So, what have decades of courage and commitment yielded for ACSM? Here are a few highlights:
- Since Dr. Kenney made DEI the focus of his presidential platform, at least four other ACSM presidents have followed suit.
- ACSM has operated more than a dozen distinct, large-scale DEI-focused efforts at the national level alone; among these are three mentorship programs that combine to pair more than 100 proteges with mentors each year.
- The ACSM LDTP has had 102 unique participants, one-third of whom have been mentored by past ACSM presidents and vice presidents. Among alumni of the program, 71% remain active ACSM members, 16 have achieved Fellowship status and six have been elected to the Board of Trustees.
- Since 2008, both the overall number of ACSM members and overall number of ACSM Fellows has risen by 10%; the number of female Fellows has skyrocketed by 33%; and the proportion of members identifying as Asian (from 8% to 10%), Hispanic (from 5% to 7%) and African American (from 4% to 7%) have all risen substantially.
I can attest to the personal aspect of these efforts. I applied to be a protégé in the ACSM LDTP in 2010 when I was a Ph.D. student. Today, I am an ACSM Fellow, an ACSM Trustee, a tenure-track faculty member at a research I university, a National Institutes of Health (NIH) funded researcher and the beneficiary of some of the most outstanding mentorship and support imaginable. From 2014-18, I served as chair of the ACSM Diversity Action Committee and as director of two of its mentorship programs. During that period, I met protégés that were flat out brilliant—full stop, no hedging, no equivocation—and witnessed ACSM volunteers and staff go above and beyond time and again. Last year, David Garcia, Ph.D.—LDTP alumni, ACSM Fellow, tenure-track assistant professor at the University of Arizona, and all-around great guy—and his stellar long-time LDTP mentor, Stella Volpe, Ph.D., RD, LDN, FACSM, publicly shared their ACSM LDTP experience, which included that Dr. Garcia named his first daughter Stella Garcia after Dr. Volpe.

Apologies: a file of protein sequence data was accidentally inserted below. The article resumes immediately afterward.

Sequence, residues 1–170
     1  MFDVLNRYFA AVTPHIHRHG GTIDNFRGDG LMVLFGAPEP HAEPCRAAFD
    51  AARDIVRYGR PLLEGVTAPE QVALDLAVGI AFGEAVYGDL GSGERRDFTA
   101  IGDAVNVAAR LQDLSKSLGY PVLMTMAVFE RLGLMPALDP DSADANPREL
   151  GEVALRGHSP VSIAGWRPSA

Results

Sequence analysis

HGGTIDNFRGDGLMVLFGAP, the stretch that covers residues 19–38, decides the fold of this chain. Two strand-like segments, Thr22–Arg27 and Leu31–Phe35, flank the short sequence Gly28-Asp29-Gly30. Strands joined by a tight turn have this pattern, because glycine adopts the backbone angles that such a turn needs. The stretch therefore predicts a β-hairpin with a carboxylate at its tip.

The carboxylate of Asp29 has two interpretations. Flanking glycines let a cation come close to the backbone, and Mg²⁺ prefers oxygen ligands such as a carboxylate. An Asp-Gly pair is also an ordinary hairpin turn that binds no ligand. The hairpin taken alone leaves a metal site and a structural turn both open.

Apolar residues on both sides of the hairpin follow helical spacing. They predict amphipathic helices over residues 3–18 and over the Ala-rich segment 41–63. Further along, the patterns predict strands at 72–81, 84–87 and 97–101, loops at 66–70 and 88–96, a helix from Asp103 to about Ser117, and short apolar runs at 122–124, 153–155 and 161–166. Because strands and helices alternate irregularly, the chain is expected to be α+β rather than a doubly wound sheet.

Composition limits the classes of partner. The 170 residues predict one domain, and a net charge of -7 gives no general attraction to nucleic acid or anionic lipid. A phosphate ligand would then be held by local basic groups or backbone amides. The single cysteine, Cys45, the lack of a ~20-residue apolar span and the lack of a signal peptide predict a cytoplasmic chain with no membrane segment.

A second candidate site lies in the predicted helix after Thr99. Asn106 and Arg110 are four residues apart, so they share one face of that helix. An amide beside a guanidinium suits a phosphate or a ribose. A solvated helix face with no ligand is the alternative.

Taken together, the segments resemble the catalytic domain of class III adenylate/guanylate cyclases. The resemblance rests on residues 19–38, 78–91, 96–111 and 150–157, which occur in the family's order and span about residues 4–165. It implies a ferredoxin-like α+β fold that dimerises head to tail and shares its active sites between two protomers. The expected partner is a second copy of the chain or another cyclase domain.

The world needs more trainers, more coaches, more clinicians and more scientists. DEI in the context of ACSM is not a zero-sum game. The challenges we face are so daunting that we need to compete for talent everywhere that we see it.
How can you contribute?
- Students, get in the game. Consider a career in health and physical activity. You can find info about some of ACSM’s mentorship programs here, here and here. There are many worthy professions, but none has greater potential to contribute to human health and well-being than ours.
- Researchers, clinicians and practitioners, recruit talent everywhere you see it. I am here because somebody invited me to play jeopardy and consider a career in science. Sometimes a nudge is all it takes. Consider also volunteering as an ACSM mentor (applications here). Don’t forget to check with your ACSM regional chapter as many already have excellent mentorship programs; and if they don’t, I think you should start one.
This past decade has shown us that where we pursue goals with courage and commitment, we can have great success.
Eduardo Esteban Bustamante, Ph.D., FACSM, is an assistant professor of Kinesiology and Nutrition at the University of Illinois at Chicago (UIC), where he directs the UIC Healthy Kids Lab. He is an ACSM Leadership & Diversity Training Program alumnus and has been an ACSM Fellow since 2017. Dr. Bustamante served as chair of the ACSM Diversity Action Committee and director of the ACSM LDTP from 2014-18. Currently, Dr. Bustamante serves on the ACSM Board of Trustees as the Appointee of ACSM President Dr. NiCole Keith.